Nintendo and Niantic’s augmented-reality app Pokémon GO has become an overnight sensation, bringing Pokémon fans out into the world to find, catch, and train virtual Pokémon roaming around parks, bus stops, cafes – and everywhere else. When you see a horde of twenty-somethings screaming about catching a Growlithe near Starbucks, that’s Pokémon GO.

Because you’re reading this, chances are you’re already on your way to catching ‘em all. But no thanks to a distinct absence of a comprehensive tutorial, you’re probably confused by a thing or two. Fret not; here’s everything you need to know to how to use Pokémon GO correctly.

How Pokémon GO even works

In many ways, Pokémon GO is like the old Pokémon Red and Blue games you spent playing on your old GameBoy. But in many important ways, it isn’t.

Like the old games, your mission is to find and catch as many Pokémon as you can and go to Gyms to compete. Unlike the old games, you can’t fight wild Pokémon to catch them, nor are there set Gyms like there were in Viridian City. In their place, Gyms are now real places in your neighborhood — churches, train stations, maybe even your office or real gym you have a membership to but haven’t gone since New Year’s. You know, real life.

Turn on Battery Saver.

In order to do anything in Pokémon GO, the app needs to be on while exploring and it’s a killer on phone batteries. This may be fixed in a future update, but for now, Pokémon GO can only be used when the app is active. You can’t let it “sleep” and expect to still find and catch Pokémon, or hatch Pokémon eggs in incubators which require players to walk a certain distance. Thankfully, there’s a Battery Saver option, which will turn the screen black if your phone is left idle.

To access it, press the Pokball on the bottom of the screen, then “Settings” at the top right. You’ll then see “Battery Saver” as a selectable option.

How to find “Nearby Pokémon”

If you’ve fiddled with the app enough you may have noticed “Nearby Pokémon,” which shows a grid of Pokémon lurking the area. Here’s how to read it:

The Pokémon on the top left is the Pokémon closest to you (in this case, Bulbasaur). The Pokémon on the bottom right are the ones furthest away (in this case, Doduo). Select any one of these Pokémon from the grid and that Pokémon will be placed on your lower right screen. When you’re in the vicinity of that Pokémon, this little display will begin to ping.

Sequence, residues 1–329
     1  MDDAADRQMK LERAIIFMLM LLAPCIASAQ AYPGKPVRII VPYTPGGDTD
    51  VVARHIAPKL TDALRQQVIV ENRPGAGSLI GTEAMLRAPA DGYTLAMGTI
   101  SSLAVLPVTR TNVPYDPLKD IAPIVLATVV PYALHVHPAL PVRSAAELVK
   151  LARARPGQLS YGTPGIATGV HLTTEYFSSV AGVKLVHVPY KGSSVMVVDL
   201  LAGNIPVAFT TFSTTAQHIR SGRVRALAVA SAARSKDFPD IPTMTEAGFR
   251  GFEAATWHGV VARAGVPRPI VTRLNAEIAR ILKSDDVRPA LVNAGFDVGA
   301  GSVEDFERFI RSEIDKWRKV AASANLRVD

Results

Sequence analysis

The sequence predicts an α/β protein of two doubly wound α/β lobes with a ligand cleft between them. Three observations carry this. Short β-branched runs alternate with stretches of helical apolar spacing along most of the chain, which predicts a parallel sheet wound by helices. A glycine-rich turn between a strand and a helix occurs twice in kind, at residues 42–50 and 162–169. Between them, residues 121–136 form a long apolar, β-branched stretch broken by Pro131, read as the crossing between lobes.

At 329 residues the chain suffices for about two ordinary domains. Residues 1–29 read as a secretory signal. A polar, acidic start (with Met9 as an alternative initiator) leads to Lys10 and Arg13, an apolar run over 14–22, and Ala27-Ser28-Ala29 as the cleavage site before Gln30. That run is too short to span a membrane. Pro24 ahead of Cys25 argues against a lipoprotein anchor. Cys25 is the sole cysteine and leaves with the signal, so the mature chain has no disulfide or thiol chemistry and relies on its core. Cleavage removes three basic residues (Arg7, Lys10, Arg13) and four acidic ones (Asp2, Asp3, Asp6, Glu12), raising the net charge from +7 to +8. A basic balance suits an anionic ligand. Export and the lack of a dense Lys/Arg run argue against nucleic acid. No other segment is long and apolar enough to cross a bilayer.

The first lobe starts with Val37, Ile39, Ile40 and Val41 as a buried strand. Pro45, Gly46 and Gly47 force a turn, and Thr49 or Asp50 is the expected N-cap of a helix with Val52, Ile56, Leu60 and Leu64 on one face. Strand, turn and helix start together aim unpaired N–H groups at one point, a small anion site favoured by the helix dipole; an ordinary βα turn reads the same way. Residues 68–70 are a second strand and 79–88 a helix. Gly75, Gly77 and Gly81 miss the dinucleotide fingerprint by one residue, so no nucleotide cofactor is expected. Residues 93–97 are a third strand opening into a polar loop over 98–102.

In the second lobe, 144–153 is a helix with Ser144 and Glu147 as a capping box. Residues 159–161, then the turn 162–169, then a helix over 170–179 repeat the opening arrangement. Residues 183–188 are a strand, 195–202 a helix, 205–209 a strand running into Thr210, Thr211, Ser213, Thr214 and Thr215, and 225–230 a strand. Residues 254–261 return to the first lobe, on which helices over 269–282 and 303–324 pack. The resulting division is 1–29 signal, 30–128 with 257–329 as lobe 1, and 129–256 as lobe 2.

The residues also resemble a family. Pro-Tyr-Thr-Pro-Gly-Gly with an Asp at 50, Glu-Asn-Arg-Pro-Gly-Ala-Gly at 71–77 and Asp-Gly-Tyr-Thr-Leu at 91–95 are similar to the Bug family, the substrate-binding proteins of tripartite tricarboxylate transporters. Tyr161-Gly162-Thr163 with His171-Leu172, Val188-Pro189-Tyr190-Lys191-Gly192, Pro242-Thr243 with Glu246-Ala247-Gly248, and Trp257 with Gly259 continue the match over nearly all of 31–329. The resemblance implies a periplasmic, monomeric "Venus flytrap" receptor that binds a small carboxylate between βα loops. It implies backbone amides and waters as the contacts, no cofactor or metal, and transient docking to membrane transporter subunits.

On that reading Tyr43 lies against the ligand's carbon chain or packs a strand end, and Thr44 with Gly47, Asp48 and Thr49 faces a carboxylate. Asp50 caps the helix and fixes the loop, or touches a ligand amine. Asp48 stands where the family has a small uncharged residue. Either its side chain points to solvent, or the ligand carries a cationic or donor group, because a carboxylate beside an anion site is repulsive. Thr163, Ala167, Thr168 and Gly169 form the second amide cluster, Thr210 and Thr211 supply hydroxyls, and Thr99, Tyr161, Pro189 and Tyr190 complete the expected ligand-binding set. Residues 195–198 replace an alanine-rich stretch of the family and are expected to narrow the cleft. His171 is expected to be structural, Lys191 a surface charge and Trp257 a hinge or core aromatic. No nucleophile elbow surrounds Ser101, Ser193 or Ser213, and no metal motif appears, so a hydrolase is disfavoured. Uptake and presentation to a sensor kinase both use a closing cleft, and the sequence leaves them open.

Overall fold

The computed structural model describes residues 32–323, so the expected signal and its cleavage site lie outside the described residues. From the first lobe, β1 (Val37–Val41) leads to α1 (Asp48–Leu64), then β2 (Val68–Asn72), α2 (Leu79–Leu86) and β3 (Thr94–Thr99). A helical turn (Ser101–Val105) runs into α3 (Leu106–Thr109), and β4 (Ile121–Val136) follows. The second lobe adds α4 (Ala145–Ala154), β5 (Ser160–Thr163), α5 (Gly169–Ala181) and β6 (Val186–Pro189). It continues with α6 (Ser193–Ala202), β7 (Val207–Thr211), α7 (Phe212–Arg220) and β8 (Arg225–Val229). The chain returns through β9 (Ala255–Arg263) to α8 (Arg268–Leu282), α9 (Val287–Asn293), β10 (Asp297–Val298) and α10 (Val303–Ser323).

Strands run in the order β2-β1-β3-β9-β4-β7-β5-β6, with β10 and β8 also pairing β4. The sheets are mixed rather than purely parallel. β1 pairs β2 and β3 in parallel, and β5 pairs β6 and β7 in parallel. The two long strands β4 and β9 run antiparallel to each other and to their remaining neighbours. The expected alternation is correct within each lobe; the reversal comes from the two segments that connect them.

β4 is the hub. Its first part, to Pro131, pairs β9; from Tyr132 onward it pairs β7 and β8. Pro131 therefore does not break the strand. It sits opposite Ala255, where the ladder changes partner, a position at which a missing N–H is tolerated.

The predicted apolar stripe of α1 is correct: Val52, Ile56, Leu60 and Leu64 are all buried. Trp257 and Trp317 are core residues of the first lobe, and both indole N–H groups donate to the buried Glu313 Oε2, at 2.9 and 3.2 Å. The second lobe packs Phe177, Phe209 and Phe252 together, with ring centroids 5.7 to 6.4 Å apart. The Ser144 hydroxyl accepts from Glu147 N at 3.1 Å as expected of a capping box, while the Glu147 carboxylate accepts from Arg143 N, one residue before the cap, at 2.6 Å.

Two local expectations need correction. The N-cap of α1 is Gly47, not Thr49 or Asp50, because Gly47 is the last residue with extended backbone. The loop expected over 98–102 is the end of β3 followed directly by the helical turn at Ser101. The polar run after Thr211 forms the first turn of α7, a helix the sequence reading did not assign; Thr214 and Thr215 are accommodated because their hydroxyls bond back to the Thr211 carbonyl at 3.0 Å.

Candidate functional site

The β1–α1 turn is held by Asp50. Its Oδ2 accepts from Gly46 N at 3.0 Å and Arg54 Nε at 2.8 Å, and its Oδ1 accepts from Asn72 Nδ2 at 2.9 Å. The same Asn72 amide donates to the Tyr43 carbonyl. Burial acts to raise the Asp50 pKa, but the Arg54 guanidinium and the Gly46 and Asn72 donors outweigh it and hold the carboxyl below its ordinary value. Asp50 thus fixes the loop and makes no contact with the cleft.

You’ll also see footsteps next to your selected Pokémon. That simply means you still have some walking to do before the Pokémon appears. Keep walking and the footsteps will disappear until the Pokémon shows up.

Don’t buy Pokéballs

This might be tough if you’re in rural areas, but you can obtain Pokéballs at any and all PokéStops. So don’t bother buying them at the digital store.

When you select a PokéStop, swipe the flat circle and it will spin out with items like Pokéballs, Potion sprays (to heal Pokémon in battles), Pokémon eggs, and other stuff. When these items come out, tap them and they’re yours.

Immediately after collecting from the PokéStop, they become unavailable for another half hour or so. But if you frequent these places enough or stay near one for a long time, you’ll never run out of Pokéballs, ever.

Incense vs. Lures

You may have noticed two items the game wants you to collect which you can find randomly generated at PokéStops or purchase directly from the store: Incense, and Lure Modules. There are slight differences.

Incense is a personal spray you use on your avatar. The scent attracts wild Pokémon to you. This is helpful for when you’re expecting to do a lot of walking.

Lure Modules are area sprays that you use at nearby PokéStops. This is helpful if you’re stuck in one place for a long time, like your job, and can’t explore. The module unleashes flower petals around the PokéStop, attracting wild Pokémon. Be wary: Unlike the sprays, Lure Modules are public, so even though you dropped a Lure Module, someone else can claim that Scyther you were hoping to catch.

Walk, don’t take public transportation

Being on the east coast, I regularly commute via NJTransit and have used Pokémon GO while on my way to work. While you can still catch Pokémon (who hilariously appear on my lap or on the person sitting next to me), it’s not advisable to take public transport to quickly get around.

Besides the fact that the distance doesn’t count if you’ve got a Pokémon egg on an Incubator, the real fun of Pokémon GO is rediscovering the places around you and exploring places you’ve never been before. Don’t spoil it by hunting for a Cubone on an Uber.

Photos via Nintendo